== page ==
The tobacco in Zimbabwe, unlike cannabis is blamed for increased draining of fresh water lakes, swamps and a pillaging of forests. “Tobacco unlike cannabis is an environmental headache,” explains Anold Soko the agronomist. 80 % of Zimbabwe’s small scale planters of tobacco crop are behind a wave that has seen 5, 3 million trees (in the last two decades) cut down to free more land and increase profits. Unlike cannabis, flue-cured tobacco is energy-demanding and gobbles so much heat (via burning forest logs) in order to suck out the moisture and prepare leaves for export.

Medical weed is less risky

So Zimbabwe has latched on to latest UN reports (December 2020) that medical cannabis is actually healthier. The UN Commission for Narcotics Drug voted to reclassify cannabis as a less dangerous drug and thus opening way for increased therapeutic use of the drug globally.

“This is fantastic news, I mean the bio-pharmaceutical properties of cannabis,” adds Dr. Felani. “This was not entirely a surprise though. Here in Zimbabwe when we see our patients, we have always spoken in favor of cannabis as an organic way to decrease the likes of chronic back pain or headaches.”

Is cannabis over-ambitious?

Is Zimbabwe’s plan to push cannabis as its chief cash crop realistic? Observers feel the country has quite a lot of nearby competitors who could slice away the same overseas cannabis markets that Zimbabwe is eyeing.

Malawi, a neighbor to Zimbabwe, and her too a world-class producer of tobacco, has made serious moves to ramp up the commercial production and export of medicinal cannabis. Her parliament in November 2020 allowed the cultivation of hemp and cannabis for medicinal use.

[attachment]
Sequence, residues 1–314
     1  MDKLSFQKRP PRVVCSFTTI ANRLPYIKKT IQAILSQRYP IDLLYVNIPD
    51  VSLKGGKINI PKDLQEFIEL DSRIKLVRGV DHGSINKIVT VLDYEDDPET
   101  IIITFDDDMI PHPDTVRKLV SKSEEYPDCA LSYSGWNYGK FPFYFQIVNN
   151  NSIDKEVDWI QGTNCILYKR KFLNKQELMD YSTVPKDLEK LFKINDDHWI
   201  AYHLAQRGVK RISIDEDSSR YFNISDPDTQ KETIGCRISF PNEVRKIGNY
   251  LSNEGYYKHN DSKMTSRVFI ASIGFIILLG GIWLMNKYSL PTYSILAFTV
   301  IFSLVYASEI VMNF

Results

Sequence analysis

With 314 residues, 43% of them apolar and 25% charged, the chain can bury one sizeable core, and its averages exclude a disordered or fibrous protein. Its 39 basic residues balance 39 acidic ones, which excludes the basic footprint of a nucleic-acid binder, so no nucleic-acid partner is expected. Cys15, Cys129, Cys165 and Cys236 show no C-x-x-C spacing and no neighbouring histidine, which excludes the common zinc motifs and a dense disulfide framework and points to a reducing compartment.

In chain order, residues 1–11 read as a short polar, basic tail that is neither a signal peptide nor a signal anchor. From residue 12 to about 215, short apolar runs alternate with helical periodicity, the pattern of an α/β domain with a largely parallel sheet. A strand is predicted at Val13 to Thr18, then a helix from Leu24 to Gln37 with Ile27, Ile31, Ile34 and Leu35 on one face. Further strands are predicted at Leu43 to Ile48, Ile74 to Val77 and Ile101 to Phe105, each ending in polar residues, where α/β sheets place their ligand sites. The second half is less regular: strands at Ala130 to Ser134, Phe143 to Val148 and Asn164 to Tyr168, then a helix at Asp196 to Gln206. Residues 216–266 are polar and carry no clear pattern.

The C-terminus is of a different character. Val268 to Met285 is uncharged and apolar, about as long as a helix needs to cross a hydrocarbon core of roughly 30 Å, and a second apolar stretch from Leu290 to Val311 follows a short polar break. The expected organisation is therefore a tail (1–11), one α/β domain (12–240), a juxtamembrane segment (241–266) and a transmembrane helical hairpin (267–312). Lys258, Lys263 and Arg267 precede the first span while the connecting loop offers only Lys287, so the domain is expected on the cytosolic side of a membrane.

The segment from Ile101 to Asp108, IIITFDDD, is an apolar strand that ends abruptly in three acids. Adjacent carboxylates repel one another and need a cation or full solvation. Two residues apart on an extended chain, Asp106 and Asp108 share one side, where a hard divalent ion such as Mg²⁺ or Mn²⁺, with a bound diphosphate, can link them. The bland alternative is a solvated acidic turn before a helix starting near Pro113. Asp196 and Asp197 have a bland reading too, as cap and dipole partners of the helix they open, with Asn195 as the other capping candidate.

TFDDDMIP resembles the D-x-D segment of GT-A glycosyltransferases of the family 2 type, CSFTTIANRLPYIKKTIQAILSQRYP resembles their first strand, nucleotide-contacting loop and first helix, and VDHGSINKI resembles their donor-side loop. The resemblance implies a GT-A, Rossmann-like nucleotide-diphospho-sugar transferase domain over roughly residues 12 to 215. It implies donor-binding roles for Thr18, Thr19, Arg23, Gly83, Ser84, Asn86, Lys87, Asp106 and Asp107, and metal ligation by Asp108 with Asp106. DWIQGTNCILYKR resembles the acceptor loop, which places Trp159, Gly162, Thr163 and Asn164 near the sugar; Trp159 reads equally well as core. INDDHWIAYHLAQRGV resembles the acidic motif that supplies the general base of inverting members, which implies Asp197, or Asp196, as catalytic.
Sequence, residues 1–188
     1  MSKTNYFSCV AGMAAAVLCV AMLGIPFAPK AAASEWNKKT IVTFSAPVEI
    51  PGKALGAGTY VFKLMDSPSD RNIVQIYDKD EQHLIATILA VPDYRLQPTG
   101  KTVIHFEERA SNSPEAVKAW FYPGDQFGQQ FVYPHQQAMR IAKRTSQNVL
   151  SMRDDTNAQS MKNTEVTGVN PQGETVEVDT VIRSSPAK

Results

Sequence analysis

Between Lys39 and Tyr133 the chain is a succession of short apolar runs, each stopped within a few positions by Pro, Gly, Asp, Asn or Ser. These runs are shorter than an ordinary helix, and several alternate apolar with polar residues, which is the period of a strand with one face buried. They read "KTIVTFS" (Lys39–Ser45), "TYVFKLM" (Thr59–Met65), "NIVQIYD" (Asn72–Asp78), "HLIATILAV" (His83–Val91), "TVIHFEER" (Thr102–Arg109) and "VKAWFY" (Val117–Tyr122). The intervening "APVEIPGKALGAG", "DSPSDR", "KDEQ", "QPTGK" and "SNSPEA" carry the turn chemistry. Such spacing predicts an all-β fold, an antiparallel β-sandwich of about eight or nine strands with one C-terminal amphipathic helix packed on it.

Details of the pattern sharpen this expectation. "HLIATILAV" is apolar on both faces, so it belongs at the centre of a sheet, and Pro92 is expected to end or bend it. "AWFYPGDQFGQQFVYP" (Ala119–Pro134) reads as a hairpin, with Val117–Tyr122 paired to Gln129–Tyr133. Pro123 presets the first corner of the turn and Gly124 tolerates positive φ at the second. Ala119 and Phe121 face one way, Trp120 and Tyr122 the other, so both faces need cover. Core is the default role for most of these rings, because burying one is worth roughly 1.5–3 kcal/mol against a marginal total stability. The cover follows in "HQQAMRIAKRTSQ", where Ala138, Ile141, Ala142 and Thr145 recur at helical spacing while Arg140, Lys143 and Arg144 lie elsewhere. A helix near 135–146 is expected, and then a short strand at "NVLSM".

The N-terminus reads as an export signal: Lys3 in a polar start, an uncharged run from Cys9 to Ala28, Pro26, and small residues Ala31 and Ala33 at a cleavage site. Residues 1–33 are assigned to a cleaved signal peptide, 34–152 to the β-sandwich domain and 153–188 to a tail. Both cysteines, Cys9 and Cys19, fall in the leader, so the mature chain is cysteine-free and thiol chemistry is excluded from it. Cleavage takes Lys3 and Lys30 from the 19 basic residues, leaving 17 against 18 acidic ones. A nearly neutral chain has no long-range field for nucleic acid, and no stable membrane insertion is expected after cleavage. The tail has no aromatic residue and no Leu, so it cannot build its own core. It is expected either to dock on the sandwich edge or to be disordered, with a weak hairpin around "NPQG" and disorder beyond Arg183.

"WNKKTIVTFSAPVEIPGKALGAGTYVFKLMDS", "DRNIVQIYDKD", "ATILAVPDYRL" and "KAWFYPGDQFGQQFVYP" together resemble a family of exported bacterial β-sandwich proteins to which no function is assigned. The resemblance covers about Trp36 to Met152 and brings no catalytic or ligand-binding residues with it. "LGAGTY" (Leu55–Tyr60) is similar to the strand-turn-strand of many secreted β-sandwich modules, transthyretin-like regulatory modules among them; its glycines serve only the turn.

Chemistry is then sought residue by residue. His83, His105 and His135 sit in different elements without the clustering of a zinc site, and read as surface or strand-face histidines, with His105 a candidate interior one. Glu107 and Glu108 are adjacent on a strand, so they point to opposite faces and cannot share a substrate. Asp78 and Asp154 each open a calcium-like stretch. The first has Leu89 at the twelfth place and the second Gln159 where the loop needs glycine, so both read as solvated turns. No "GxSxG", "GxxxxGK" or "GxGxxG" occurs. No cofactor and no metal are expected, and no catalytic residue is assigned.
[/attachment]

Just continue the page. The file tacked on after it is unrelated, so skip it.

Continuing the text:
“So has nearby South Africa; so has Mozambique; so has Lesotho. All these are our neighbours by geography. We would be naive as Zimbabwe to assume that our neighbours are not eyeing the same cannabis markets in Canada, China or Europe,” thinks Brian Semwa, an economist for the Zimbabwe Public Food Observatory an independent local think tank in Harare.

Aiming to scoop $1, 25 billion from medical cannabis exports could be an ambition too large, too soon, it could be an overestimate, Brian says. “Cannabis is farmed legally in increasing number of countries globally. It’s sold in grams not tons. As more countries come aboard, prices will tumble anytime.”

Embracing the cannabis challenge

However, weed growers in Zimbabwe are not deterred by rivals on the global supply markets. Up to $46 million worth of cannabis is on track to be harvested in Zimbabwe monthly, adds Clive Mphambela, the spokesperson for the country’s finance ministry. This could actually be an under-estimate because the potential is vast, he added.

“We are confident of cannabis as a future cash-generator that in 2021 we will begin collecting a cannabis tax levy in Zimbabwe,” announced Mr. Mthuli Ncube Zimbabwe’s finance minister when he presented the country’s budget for 2021.

About the author: Nyasha Bhobo is a freelance journalist. Her beats are public finance, women freedoms and agriculture stories.